Tessa Davis. Impetigo, Don't Forget the Bubbles, 2013. Available at:
Impetigo is a blistering skin infection and is usually caused by Staphylococcus. aureus or Streptococcus pyogenes.
What does the rash look like?
The impetigo rash can either be bullous (with bullae or fluid-filled lesion larger than 0.5cm) or non-bullous (much more common). In the non-bullous form, there are vesicles. Often there is golden crusting on top the of rash.
What are the other symptoms?
The rash can be itchy or painful (but not commonly). In severe disease, it can be associated with pyrexia and lymphadenopathy.
How is it diagnosed?
Impetigo is usually diagnosed clinically, but if the infection is severe then bacterial swabs could be sent. Resistant infection may be caused by MRSA so a swab would be helpful in this case too.
What is the course of the illness?
As the impetigo resolves, the golden crust dries and separates.
What are the possible complications?
Impetigo can spread very easily on contact and often spreads to other sites on the body.
Cellulitis, osteomyelitis or sepsis can occur, but more commonly in neonates with bullous impetigo.
Post-streptococcal glomerulonephritis is also seen.
How long are patients infectious for?
Patients are infectious until the crusting has all dried up. They should stay away from childcare until then.
What treatment should I offer?
Treatment is with antibiotics and depends on the extensiveness and resistance of the infection.
Impetigo with localized, superficial infection
These children are usually managed with topical antibiotics (mupirocin 2% TDS or fusidic acid 2% TDS) for 5-7 days, which has shown to be as effective as oral antibiotics.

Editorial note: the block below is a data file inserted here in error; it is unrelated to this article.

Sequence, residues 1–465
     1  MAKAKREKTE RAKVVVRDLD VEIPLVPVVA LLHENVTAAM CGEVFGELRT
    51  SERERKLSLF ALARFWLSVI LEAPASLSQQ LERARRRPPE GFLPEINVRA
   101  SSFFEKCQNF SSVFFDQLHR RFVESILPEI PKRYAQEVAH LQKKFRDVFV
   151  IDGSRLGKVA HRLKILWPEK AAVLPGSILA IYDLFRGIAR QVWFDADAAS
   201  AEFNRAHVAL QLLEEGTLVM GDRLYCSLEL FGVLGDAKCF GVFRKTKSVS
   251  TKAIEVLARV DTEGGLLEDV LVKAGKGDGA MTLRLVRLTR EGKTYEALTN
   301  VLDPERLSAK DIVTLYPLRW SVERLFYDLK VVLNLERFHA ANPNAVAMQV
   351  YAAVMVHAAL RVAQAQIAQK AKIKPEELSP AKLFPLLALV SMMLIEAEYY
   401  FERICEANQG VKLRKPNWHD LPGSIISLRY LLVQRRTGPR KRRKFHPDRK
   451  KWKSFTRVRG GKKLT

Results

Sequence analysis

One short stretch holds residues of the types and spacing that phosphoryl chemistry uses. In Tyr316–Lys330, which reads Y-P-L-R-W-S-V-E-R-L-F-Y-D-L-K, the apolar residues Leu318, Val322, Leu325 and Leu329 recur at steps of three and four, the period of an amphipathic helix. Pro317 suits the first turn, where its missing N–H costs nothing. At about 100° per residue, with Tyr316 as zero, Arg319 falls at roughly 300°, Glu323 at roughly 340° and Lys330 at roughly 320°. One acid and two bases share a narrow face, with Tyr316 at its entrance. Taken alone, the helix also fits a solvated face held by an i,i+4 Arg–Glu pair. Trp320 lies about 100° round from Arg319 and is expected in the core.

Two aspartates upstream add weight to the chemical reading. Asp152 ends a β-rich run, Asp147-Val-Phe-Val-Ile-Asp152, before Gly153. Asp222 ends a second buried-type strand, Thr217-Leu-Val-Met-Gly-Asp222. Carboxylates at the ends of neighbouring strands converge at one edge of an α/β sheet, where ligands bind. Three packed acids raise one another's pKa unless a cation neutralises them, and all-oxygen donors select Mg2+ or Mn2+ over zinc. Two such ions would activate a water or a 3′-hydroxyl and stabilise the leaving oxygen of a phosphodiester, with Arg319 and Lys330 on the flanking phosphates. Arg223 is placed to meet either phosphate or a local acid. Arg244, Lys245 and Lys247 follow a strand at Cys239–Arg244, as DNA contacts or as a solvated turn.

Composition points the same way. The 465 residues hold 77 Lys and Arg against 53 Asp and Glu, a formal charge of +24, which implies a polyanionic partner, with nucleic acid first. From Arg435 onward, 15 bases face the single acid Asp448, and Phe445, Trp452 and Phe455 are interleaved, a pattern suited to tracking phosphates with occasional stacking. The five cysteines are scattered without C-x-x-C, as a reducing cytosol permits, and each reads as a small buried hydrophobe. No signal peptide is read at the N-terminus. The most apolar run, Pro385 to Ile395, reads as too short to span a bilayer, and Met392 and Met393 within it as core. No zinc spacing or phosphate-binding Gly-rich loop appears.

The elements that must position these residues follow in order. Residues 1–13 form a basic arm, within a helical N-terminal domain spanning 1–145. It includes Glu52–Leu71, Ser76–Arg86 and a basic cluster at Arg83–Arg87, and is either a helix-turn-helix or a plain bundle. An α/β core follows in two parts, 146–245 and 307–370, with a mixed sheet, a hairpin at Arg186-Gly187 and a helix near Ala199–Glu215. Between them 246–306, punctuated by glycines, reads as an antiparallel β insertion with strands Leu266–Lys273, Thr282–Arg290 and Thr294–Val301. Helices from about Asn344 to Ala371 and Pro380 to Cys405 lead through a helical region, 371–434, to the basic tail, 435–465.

In neonates, even a localized superficial infection should be treated with oral antibiotics (erythromycin for 7 days) and a dermatologist consulted.
Widespread, cutaneous impetigo
This should be treated with one of the following oral antibiotics for 7 days.
- Flucloxacillin: 12.5-25 mg/kg QID; adult dose is 250-500mg QID
- Erythromycin: 10mg/kg QID; adult dose is 250mg QID
- Cephalexin: 25mg/kg QID; adult dose is 250-500mg QID
Localized, superficial impetigo with suspected MRSA infection
If the infection is resistant to the treatment above, or MRSA is suspected then treatment should be with one of the following antibiotics:
- Clindamycin: 5mg/kg QID; dose in adults is 150-450mg QID
- Trimethoprim/sulfamethoxazole: 4-5mg/kg BD; adult dose is 160mg BD (dose refers to trimethoprim component)
Impetigo with a deep infection or haematogenous spread
IV antibiotics are indicated in children with pyrexia or systemic symptoms. Use one of the following antibiotics.
- Flucloxacillin: 50mg/kg QID IV (max 2g)
Impetigo with a deep infection or haematogenous spread and suspected MRSA
These patients should be treated with vancomycin.
- Vancomycin: 10mg/kg IV QID; adult dose is 500mg IV QID or 1g IV BD
In patients with recurrent infections consider intranasal antibiotics (mupirocin 2% TDS for 7 days) to treat nasal colonization.
Washing with soap and water twice a day is recommended to reduce skin bacteria.
Freeman M, Del Mar C. Impetigo. Best Practice, BMJ
McLinn S. A bacteriologically controlled, randomized study comparing the efficacy of 2% mupirocin ointment (Bactroban) with oral erythromycin in the treatment of patients with impetigo. J Am Acad Dermatol. 1990;22:883-885.